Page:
I'm Ryan Lowe, a Software Engineering graduate living in Ottawa, Canada. I like agile software development and Ruby on Rails.
I write this blog in Canadian English and don't use a spell checker. Typos happen.
» Full-time Ruby on Rails freelancer
» Full-time with Rails since May 2005
» Former committer for RadRails (now Aptana)
» I also have a few Rails side-projects in development:
1. wheretogoinTO.com Toronto nightlife
2. Hey Heads Up! TODO list and sharing
3. Layered Genealogy family history research
4. foos for foosball scoring
5. fanconcert for music fans (on hold)
Hiring Rails developers? I can telecommute by the hour from Ottawa, Canada
»» Email: rails AT ryanlowe DOT ca
Now hosted on Hey! Heads Up -- check it out!
Derek Lowe's (Ryan's older brother) words at Ryan's funeral
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Twisting Rails is Risky Business
Risky Business? My Take on Early Alphas
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A Postscript to "Growth at the grassroots"
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# Derek Lowe's (Ryan's older brother) words at Ryan's funeral
Ryan Lowe passed away on Monday, November 30, 2009. He was cremated, then buried in the Catholic cemetery in Almonte, as per his wishes.
Below are the beautiful words of his older brother Derek.
To pass along along stories or photos, or to simply learn more, please visit Ryan's memorial page (available on facebook):
While Ryan and I had spent almost every day together when he was young, due to our age difference we had not spent as much time together since I went away to University when he was ten. There were, however, some times we spent together over the years that I would like to share with you.
Ryan, Jon and I had the opportunity to spend a week in Barbados to celebrate their respective graduations from University. Ryan was in great physical shape then – confident and carefree. That week was one of the highlights of my life, with all three brothers being able to spend time together as ‘adults’ (although some of our actions may have led people to question that status). That is how I will remember Ryan.
When Ryan graduated Engineering, I had the privilege of presenting Ryan with his Iron Ring. At the ceremony, he said the oath, I put the ring on his finger, he gave me a hug, and the moment was quickly over. I knew he appreciated it, and it was a special moment for both of us. Ryan then shook my hand and, before he went back to his seat, said “We’re almost done, so we can go get a beer soon – until then don’t bother any of the women in the gallery”, deflecting from the brief seriousness of the moment. That is how I will remember Ryan.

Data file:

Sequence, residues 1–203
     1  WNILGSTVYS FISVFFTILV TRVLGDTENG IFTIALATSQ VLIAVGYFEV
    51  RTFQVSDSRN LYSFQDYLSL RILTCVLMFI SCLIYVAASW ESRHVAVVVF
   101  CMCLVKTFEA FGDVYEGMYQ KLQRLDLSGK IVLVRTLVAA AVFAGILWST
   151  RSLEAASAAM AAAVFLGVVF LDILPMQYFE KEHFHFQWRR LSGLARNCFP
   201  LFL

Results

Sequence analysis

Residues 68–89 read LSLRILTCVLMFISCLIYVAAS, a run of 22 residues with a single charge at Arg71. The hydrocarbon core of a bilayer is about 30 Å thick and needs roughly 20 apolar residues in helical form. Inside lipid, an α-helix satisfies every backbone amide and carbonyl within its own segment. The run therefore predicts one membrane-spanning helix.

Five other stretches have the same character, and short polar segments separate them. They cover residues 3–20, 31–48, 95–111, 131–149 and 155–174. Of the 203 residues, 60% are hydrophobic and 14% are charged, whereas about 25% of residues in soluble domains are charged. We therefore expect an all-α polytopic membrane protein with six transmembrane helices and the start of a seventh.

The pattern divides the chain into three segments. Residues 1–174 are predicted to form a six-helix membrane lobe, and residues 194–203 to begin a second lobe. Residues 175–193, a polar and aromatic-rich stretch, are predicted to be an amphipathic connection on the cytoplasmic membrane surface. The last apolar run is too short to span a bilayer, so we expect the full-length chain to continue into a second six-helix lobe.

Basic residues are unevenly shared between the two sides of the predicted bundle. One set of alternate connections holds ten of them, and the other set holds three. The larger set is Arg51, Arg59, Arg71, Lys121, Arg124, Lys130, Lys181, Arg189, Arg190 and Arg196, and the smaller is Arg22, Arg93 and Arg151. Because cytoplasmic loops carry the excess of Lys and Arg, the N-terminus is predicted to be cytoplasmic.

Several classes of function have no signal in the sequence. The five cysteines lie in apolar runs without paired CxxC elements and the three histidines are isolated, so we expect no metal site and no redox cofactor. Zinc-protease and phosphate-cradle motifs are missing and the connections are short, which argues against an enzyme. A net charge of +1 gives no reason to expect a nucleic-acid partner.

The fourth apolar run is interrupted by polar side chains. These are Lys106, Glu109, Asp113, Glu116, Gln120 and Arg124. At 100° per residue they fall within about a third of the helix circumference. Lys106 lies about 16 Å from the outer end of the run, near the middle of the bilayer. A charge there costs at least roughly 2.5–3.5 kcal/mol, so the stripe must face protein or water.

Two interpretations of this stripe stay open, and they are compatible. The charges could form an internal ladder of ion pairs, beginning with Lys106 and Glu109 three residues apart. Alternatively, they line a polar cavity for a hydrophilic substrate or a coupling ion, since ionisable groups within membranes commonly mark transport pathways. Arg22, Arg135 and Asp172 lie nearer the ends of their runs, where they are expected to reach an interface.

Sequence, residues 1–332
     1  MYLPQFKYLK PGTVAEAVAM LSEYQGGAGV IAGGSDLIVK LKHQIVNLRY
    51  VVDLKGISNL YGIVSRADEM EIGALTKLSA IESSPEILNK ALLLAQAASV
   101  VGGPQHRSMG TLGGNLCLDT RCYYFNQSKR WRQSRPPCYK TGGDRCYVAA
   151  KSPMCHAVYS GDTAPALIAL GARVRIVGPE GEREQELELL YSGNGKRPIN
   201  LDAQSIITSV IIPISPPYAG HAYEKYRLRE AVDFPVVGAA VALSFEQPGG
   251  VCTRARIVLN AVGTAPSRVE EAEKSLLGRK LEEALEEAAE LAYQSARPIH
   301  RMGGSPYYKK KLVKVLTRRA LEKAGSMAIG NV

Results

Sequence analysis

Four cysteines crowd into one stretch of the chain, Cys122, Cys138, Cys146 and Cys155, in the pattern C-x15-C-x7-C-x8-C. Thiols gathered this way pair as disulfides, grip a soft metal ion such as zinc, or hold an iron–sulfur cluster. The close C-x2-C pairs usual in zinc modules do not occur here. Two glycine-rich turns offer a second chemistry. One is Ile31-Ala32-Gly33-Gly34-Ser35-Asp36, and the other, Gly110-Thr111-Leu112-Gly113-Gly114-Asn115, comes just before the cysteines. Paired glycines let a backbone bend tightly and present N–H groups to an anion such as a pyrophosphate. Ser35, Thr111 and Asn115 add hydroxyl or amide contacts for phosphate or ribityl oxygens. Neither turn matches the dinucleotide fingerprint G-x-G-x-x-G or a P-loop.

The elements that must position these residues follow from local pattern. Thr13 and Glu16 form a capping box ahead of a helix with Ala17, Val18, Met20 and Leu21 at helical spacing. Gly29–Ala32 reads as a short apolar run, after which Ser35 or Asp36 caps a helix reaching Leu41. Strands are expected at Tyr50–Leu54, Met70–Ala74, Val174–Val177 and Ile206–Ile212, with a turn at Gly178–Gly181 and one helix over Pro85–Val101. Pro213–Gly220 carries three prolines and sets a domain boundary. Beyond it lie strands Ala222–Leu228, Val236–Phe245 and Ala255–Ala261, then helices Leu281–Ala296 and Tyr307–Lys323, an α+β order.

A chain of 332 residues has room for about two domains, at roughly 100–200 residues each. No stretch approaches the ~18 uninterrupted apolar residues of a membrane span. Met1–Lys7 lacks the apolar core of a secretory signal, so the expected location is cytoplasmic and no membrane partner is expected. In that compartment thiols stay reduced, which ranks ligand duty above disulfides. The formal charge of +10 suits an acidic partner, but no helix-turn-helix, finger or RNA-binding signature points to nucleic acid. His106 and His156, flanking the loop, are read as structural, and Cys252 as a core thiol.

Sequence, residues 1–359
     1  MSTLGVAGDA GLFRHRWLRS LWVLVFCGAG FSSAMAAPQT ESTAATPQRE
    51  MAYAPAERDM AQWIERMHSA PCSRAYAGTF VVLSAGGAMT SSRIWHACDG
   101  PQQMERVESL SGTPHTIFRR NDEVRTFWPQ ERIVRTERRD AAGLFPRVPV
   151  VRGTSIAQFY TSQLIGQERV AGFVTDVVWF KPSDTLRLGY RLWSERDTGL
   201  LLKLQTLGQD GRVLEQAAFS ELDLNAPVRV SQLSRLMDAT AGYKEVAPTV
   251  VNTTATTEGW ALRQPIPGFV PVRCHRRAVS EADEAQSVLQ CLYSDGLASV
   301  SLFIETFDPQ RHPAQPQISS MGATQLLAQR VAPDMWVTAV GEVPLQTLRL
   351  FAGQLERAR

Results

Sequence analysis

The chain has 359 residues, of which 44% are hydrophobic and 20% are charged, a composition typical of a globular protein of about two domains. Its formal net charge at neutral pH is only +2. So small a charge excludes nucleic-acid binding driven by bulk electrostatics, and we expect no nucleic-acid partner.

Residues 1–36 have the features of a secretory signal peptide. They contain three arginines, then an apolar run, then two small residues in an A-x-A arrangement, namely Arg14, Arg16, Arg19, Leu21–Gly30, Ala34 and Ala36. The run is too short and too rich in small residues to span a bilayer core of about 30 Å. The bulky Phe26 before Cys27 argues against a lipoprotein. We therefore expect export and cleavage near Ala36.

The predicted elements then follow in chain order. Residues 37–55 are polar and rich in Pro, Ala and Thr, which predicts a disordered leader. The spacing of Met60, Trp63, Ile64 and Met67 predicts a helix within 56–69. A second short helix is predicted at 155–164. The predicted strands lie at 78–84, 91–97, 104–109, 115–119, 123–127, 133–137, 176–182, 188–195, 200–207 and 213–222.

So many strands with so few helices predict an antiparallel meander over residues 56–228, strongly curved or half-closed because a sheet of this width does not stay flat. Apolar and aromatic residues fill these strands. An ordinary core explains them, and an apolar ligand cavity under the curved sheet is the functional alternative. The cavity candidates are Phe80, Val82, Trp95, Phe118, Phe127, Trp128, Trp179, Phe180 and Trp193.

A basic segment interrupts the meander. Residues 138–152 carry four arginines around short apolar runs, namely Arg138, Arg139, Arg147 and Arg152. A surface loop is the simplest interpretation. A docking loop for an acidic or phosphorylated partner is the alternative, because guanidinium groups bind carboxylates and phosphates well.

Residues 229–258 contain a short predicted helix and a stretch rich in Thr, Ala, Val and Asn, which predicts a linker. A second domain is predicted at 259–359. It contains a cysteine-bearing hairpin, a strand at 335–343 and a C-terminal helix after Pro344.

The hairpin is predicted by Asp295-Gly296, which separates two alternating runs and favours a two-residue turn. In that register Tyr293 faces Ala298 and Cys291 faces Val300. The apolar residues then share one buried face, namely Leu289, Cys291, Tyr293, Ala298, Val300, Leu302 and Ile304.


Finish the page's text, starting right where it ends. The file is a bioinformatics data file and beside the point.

While I always knew that Ryan was good at what he did for a living, developing websites, I hadn’t seen much of it for myself (as many of his projects were very secretive). In the last couple of years, we had the opportunity to partner on a project, and once we decided what we wanted the site to do, it wasn’t long before he made that happen, and more. A few years ago, SAP, one of the largest software companies in the world, found Ryan through his blog, and paid to have him go to Las Vegas to speak to their people about Ruby on Rails, a relatively new computer language (at the time). It was at this point that I started to understand the level of Ryan’s ability. That is how I will remember Ryan.
All along, Ryan has handled his situation with dignity and without ever complaining. When Jon and I visited him at his apartment this past summer with Dad, he seemed more concerned about us than he did with himself. Despite the fact that he was not eating much at the time and he was clearly uncomfortable, he wanted to make sure that he gave Jon advice on getting internet service set up at his new house, so he didn’t pay too much or get sub-par service.
Also, out of the blue, Ryan looked up and said to us “I am at about 130 right now, so I have you both beat” (we had all had running weight joke over the years, with each of us trying to lose or gain weight at different times), so we knew Ryan had not lost his sense of humour. When I sensed that Ryan had become tired of the visit, I said “Well, we should go – I am getting a bit hungry and I promised Jon some supper”. Ryan’s response was “…and here I am eating a Jell-o right in front of you”, even though it was one of the few things he had managed to eat so far that day. Even in his current situation, he found time for humour. That is how I will remember Ryan.
One night, more recently, as I was holding a cool cloth to Ryan’s head, he opened his eyes suddenly (which was sometimes just a reflex, so we weren’t sure if he was awake). When this happened, I always said ‘Hi Ryan’ and this time he said ‘Hey’ back. I told him it was me and I asked him if it was okay if I sat with him, and he said ‘Ya’. I said ‘I Love you Ryan’ and he said ‘I love you too’. That was the last conversation I had with Ryan.
My recent time with Ryan has shown me a lot about the person he had become, as has seeing, and speaking with, many of you, and it has made me even more proud to have had him as my brother.
I love you Ryan. We all love you.